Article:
- you must satisfy the physiotherapy and nursing staff that you are safely mobile in and out of bed.
After leaving the hospital you will have physiotherapy arranged on an outpatient basis. This is a vital part of your recovery aimed at achieving a mobile, strong, and stable joint.
Will I require a stay in the rehabilitation ward?
The hospital stay for most patients undergoing joint replacement through our clinic is 3-5 days. Please note that there is no pre-determined length of stay for any of these patients, and that every patient’s recovery is different. Dr Ihsheish firmly believes that physiotherapy is a major factor in producing a good outcome, when your pain has improved and you are medically stable the team may determine that a short stint in the rehabilitation ward may be of benefit – rehabilitation aims to give you more intensive physiotherapy and functional recovery than you would receive on the standard hospital ward.
What follow-up will I have with my surgeon?
Dr Ihsheish will see you while you are in the hospital, and you will need to make an appointment to see him at approximately 2 weeks after the surgery to have your wound reviewed. Your surgeon does not routinely use visible sutures and so there will be no sutures to remove. Follow-up down the line, including any relevant tests, will be arranged for you in due course through the clinic.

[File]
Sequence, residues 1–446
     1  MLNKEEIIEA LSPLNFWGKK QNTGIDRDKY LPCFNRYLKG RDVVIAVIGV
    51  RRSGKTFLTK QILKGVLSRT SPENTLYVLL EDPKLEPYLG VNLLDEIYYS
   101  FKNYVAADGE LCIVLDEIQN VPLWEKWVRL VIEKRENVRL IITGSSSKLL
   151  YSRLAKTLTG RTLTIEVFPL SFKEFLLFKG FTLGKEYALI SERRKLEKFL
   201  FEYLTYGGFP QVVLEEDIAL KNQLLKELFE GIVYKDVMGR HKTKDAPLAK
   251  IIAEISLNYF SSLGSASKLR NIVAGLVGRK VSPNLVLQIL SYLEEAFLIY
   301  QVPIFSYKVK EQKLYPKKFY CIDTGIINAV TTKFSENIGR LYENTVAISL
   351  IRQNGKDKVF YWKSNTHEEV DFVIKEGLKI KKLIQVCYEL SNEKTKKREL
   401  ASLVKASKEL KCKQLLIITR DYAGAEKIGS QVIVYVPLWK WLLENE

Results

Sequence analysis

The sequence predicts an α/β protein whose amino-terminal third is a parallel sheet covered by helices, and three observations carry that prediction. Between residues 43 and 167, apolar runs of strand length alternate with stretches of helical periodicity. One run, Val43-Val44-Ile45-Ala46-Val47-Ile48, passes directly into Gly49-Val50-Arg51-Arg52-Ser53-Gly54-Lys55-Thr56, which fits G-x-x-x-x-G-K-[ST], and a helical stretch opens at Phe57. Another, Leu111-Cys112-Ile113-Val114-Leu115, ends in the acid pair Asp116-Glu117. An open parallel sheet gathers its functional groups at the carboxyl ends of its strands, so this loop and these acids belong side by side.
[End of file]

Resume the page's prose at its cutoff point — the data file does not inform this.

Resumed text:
How long is the recovery following knee replacement?
In hospital stay is generally 3-5 days.
At two weeks most patients have discarded the crutches, but this is variable for each individual patient.
Physiotherapy will continue for 6 weeks.
Hydrotherapy may commence after 2-3 weeks if your surgeon is happy with the wound.
You are allowed to drive 3-4 weeks after the surgery if you are walking without a walking aid at that time.
You are allowed to kneel on the operated side after six weeks if you so choose.
It is not unusual to experience some discomfort related to the surgery for several weeks, this should be different to your arthritis pain, and will gradually subside.
The operation site may be warm and swollen (compared to the normal side) for several weeks at least, this is quite normal and represents the increased blood flow to the area to heal the area after the surgery.
What if I have any concerns or questions?
Please contact our clinic on 6109 0002 if you have any questions or concerns at any point. If you are unable to contact us please contact your family doctor or your local hospital.